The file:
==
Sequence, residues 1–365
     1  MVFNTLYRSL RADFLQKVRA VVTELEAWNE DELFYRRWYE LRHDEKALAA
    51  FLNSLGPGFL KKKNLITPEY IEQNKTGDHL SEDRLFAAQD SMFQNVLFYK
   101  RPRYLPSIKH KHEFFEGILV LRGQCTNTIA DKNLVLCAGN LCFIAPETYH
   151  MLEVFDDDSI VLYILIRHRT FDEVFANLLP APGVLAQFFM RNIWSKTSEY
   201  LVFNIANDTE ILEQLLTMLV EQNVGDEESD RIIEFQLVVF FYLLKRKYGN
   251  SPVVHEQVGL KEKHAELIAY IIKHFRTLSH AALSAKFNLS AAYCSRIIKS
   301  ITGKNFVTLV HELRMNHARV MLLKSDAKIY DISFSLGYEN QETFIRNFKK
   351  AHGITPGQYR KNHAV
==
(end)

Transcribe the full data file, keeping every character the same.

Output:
Sequence, residues 1–365
     1  MVFNTLYRSL RADFLQKVRA VVTELEAWNE DELFYRRWYE LRHDEKALAA
    51  FLNSLGPGFL KKKNLITPEY IEQNKTGDHL SEDRLFAAQD SMFQNVLFYK
   101  RPRYLPSIKH KHEFFEGILV LRGQCTNTIA DKNLVLCAGN LCFIAPETYH
   151  MLEVFDDDSI VLYILIRHRT FDEVFANLLP APGVLAQFFM RNIWSKTSEY
   201  LVFNIANDTE ILEQLLTMLV EQNVGDEESD RIIEFQLVVF FYLLKRKYGN
   251  SPVVHEQVGL KEKHAELIAY IIKHFRTLSH AALSAKFNLS AAYCSRIIKS
   301  ITGKNFVTLV HELRMNHARV MLLKSDAKIY DISFSLGYEN QETFIRNFKK
   351  AHGITPGQYR KNHAV